Bruce Carlson

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  1. Federico Tresoldi is a Lawyer.He's Alfred Primavera's brother in law.
  2. No chance as a Virgilio Capellini. I worked with Capellini in 1972 along with Alfred Primavera while we were going to the Violinmaking School. The label is a facsimile of the one started at that time in collaboration with Adolph Primavera (Cremona graduate of 1951) whose shop was in Philadelphia. Before that time this label did not exist.
  3. Many other bow makers worked for Vuillaume and besides, it's not a bow but a cake of rosin.
  4. The real rosin sold by Vuillaume (while in Rue Croix des Petits Champs) looks like this. I understand much of the rosin was prepared by the bowmaker F.N. Voirin and his wife.
  5. Pretty much as Michael says. By the time you have an opportunity to work on such an instrument your experience level must be be high enough that you are not improvising anything, even though, every intervention can be slightly different than the previous jobs. Here your experience will help you to find a best way in any particular situation. In other words, if you have never done a certain operation I wouldn't start with a valuable instrument. It can be likened to a surgeon who has repeated a certain operation over and over until he can ALMOST do it with his eyes closed. The experience aids in the execution and tells you what to avoid when there is a risk of possible damage. Lack of preparation and/or improvisation is one of the major causes of damage to fine instruments and once the damage is done it cannot always be rectified. Good intentions are not enough. I can't say that I enjoy people looking over my shoulder either while doing something complicated because it is distracting.
  6. Hi all, I find it unfortunate that much visual information on the older threads disappears because the published LINK is no longer active or has been modified. I would like to suggest that whenever possible to attach a file directly to the thread for photographs, videos or specific text so that remains in time on Maestronet and can be referred to in the future. Probably someone has already said this but it just happens all too often that the point of discussion on an old thread is missing. Bruce
  7. We could use Plutonium which in addition would certainly help the radiation ratio. If we don't tell the violists, in time they may lose some fingers but would this really make a difference in the way they play?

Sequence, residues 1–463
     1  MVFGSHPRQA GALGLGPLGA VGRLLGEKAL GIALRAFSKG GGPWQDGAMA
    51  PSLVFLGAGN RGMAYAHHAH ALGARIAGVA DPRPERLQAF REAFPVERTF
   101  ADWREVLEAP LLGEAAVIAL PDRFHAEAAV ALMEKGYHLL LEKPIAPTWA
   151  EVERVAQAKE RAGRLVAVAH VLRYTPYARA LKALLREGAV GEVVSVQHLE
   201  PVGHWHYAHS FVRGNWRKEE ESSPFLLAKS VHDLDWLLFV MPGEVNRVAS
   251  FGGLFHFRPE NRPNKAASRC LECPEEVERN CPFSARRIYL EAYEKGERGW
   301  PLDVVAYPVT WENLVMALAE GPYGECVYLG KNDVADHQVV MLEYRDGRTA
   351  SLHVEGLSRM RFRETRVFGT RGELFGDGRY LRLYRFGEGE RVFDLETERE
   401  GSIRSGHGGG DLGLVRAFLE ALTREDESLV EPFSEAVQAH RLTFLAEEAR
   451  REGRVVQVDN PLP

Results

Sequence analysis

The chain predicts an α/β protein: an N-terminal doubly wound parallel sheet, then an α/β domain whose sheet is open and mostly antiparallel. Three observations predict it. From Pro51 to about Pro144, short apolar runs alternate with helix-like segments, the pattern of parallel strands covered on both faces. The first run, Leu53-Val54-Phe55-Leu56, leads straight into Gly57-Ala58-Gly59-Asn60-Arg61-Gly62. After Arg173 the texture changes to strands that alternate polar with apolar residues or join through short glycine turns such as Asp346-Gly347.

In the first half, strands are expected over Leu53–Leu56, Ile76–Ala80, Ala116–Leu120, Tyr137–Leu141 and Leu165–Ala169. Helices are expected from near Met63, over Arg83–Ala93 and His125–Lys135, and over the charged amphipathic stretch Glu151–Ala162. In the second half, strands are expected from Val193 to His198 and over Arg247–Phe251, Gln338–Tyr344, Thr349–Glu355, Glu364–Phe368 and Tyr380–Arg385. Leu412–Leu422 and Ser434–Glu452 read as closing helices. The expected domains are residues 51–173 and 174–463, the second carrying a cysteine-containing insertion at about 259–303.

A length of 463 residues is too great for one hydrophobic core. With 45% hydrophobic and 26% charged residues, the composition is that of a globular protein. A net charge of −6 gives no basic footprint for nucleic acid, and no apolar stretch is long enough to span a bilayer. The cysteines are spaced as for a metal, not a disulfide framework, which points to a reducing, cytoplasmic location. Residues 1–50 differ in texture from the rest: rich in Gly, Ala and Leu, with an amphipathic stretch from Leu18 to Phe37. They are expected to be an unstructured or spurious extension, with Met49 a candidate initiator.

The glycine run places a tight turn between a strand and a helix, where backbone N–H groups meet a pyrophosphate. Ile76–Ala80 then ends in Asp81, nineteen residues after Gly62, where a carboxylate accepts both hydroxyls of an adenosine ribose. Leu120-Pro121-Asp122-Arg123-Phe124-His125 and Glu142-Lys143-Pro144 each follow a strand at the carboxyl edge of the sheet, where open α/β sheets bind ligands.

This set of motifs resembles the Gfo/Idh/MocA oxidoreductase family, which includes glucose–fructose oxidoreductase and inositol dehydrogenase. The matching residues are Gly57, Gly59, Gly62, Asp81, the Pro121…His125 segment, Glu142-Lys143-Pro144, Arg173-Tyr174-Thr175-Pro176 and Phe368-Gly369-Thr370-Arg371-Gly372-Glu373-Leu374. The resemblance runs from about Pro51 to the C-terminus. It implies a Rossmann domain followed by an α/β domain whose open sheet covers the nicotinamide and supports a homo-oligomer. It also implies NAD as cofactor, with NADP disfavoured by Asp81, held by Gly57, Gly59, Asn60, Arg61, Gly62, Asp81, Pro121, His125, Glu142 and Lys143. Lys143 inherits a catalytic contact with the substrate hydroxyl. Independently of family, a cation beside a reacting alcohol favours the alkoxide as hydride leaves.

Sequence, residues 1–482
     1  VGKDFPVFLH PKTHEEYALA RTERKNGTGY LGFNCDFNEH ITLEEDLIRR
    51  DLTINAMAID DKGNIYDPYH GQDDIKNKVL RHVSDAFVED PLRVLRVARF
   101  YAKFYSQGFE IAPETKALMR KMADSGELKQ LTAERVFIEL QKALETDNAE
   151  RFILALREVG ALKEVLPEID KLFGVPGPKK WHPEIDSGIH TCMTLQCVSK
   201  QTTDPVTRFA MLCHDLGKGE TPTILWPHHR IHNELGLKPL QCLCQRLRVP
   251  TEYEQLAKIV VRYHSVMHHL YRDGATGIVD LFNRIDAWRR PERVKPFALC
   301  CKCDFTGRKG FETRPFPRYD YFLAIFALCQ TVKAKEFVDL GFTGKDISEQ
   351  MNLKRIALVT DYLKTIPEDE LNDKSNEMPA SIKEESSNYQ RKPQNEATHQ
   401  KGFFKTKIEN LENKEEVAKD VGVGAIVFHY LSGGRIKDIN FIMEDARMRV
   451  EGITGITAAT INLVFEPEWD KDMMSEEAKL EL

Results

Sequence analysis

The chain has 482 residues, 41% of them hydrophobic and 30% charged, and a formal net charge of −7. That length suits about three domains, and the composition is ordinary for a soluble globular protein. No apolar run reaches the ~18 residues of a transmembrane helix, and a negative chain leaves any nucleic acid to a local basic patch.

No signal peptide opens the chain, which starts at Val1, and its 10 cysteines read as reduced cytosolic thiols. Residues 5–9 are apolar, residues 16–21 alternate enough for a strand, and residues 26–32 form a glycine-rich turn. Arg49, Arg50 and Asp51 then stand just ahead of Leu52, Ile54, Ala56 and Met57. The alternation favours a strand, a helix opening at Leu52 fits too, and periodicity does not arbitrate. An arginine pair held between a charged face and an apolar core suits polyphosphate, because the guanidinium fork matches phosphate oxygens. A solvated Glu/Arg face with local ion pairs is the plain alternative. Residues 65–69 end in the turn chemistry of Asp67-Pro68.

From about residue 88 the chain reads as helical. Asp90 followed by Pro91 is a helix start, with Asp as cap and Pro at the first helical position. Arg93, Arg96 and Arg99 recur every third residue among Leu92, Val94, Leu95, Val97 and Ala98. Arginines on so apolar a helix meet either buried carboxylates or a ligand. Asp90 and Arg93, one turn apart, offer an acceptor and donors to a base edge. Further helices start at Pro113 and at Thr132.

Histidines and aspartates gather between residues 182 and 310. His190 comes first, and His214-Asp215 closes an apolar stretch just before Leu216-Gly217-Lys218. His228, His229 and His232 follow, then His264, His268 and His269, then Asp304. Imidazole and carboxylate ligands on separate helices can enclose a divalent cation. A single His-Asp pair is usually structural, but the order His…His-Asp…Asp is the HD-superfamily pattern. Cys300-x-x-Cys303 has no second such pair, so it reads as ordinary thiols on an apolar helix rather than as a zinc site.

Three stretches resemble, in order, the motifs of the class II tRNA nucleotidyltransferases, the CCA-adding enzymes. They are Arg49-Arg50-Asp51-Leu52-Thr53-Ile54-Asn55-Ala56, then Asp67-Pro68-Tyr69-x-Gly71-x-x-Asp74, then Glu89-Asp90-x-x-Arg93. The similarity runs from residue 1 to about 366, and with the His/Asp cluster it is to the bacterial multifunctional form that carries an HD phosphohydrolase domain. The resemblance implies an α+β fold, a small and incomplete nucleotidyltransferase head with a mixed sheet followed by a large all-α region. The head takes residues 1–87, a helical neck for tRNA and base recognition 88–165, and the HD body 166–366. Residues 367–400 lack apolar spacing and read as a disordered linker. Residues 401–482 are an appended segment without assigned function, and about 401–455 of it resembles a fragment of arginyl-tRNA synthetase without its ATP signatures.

8. I helped Francesco Bissolotti with the setup when he made a 5 string viola for Kim Kashkashian. Initially I cut a thin (weich) Thomastik Spirocore tungsten wound cello c string in half. She appeared to be be happy with it when she picked it up but I have no information on any final string changes she may have made. Instead for Salvatore Accardo he did make a five sting with a high e string which he needed for a recording of Harold in Italy..
  9. You mean like this? I'm really astounded it didn't catch on and blow away the competition!!!
  10. Well, his father was cutting a number of the scrolls for violin bodies made by 'del Gesù'. +
  11. Del Gesù did chamfer the inside of the pegbox and would blacken it as well. Stradivari is as Davide described, outside with chamfer and inside sharp at the end of the pegbox opening and the inner side of the walls only slightly softened but not a real chamfer.
  12. It can be but in the Neapolitan school they sometimes put them too close together and it was therefore easy to create a crack between the G and E peg holes or the D and A or in a viola or cello the C and A or the G and D. Most pegs are staggered so that there is more clearance for the hand. Some more, some less. The scroll below is a viola.
  13. I believe a number of these bridges are branded. Forster, Gilkes, Betts etc. (all later makers). Those in the Schreinzner collection attributed to Stoss, Geissenhof, Thir, Leidolff, Stadlmann, Stauffer etc.
  14. You can't believe everything you read in print. I totally disagree the hypothesis that this bridge could have been put there by Guarneri 'del Gesù'. The other bridge, in the collection tagged 'Guarneri', and housed in the Cité de la Musique in Paris, could have come from the 'Alard' but is certainly not in a style that you could attribute to Guarneri 'del Gesù'. If you look at the bridges in the Schreinzner collection from Vienna, this style of bridge or similar were being used all over Europe from London to Vienna and most of these bridges are tagged with makers active after 1750 a Mark Caudle mentioned.